February 20 marks the World day for Social Justice. It is good to think about Social justice because it is at the centre of promoting development and human dignity. Social justice is particularly important for the cause of Nutrition and health because of the huge barriers that the nutrition and health communities face in tackling issues. These barriers include gender, age, race, ethnicity, religion, socioeconomic status, culture to mention a few.
The issue of social justice hinges on the right to life and the principles of social justice focus on access (that people have access to goods and services regardless of the age, gender, ethnicity etc) and equity (that resources are distributed fairly). I am sure sociologists and philosophers can say more.
For social justice to be actualized in Nigeria, we as a people must come together to accomplish things that would benefit the whole community. For example, no one should be malnourished. We should work together to eliminate the old problem of malnutrition. Currently, child malnutrition rate in Nigeria is well above 10% and more than 50% in some Northern regions. Malnutrition is more or less an epidemic.
Malnutrition kills. For those that do not die, they would be a part of the future workforce; and what a workforce that would be. Akinwunmi Adesina, President of the African Development Bank, captured this when he said, “Stunted children today lead to stunted economies tomorrow.”
Like in the case of malnutrition, no one should lose their livelihood and their living accommodation because of his ethnicity or religion. Likewise, no one should be deprived access to facilities and land because of gender. They are all related.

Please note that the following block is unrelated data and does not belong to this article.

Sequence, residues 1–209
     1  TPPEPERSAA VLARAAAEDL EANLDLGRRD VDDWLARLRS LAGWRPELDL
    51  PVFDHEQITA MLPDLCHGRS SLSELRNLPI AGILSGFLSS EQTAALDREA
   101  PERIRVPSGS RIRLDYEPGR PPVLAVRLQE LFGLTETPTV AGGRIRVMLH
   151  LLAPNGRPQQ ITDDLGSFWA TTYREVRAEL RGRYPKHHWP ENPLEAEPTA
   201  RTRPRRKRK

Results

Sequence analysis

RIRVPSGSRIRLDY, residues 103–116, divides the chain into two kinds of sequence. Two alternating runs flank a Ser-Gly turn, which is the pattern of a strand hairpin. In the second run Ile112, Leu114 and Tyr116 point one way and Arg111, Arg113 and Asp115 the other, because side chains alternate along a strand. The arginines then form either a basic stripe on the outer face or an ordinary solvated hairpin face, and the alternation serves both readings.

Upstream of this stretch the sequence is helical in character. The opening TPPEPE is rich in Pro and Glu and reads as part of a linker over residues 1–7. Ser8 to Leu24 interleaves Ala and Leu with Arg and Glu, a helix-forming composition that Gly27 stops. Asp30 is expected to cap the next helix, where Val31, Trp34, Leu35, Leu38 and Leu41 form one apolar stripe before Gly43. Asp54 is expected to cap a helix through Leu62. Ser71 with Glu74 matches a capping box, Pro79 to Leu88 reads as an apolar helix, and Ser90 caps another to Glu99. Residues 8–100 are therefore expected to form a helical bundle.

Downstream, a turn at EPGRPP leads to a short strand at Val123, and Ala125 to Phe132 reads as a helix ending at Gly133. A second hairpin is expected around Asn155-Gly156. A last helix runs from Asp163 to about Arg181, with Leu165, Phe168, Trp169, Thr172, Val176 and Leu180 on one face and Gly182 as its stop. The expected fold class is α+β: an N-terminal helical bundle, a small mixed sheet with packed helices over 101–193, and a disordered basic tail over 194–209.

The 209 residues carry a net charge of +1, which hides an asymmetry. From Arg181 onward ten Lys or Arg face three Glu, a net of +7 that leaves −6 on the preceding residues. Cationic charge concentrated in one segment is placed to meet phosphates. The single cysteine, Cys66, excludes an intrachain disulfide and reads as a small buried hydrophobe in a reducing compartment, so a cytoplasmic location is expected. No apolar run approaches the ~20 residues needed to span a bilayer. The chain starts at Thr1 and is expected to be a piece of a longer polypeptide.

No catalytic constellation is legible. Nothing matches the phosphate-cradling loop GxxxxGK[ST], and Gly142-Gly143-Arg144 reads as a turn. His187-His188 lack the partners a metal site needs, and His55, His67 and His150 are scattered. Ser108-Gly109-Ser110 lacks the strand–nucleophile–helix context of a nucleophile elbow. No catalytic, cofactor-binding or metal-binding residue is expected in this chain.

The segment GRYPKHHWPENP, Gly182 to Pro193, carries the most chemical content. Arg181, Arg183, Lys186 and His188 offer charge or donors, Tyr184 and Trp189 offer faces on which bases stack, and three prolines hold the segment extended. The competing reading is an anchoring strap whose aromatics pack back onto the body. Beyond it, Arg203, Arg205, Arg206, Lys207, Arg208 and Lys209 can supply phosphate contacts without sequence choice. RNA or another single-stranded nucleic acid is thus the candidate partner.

Social justice from one person’s view point might be to practice fairness and equity on another but the truth is that meting out social justice is being fair and equitable with yourself too. Because we are social in nature, we do not exist in isolation and the progress (or lack of )of a person can hinder your own progress now or in the future. So we must work together.
The message of social justice is one of cooperation and association. Let us cooperate and, especially, work to help those who are most vulnerable in out midst. There are also different capacities in which we can operate. For me, I am currently focused on nutrition and health education and there are many NGOs and different entities who work with the poor, malnourished, homeless, and other vulnerable groups in different capacities. Do what you can; don’t wait for the government. Nutrition and health indicators often show the economic picture and we don’t look too good right now as a country or a continent but together we can change the picture.
I like to remember the words of the late Nigerian Professor of Economics, Sam Aluko who said, “The poor cannot sleep because they are hungry and the rich cannot sleep because the poor are awake and hungry.” Ponder on this.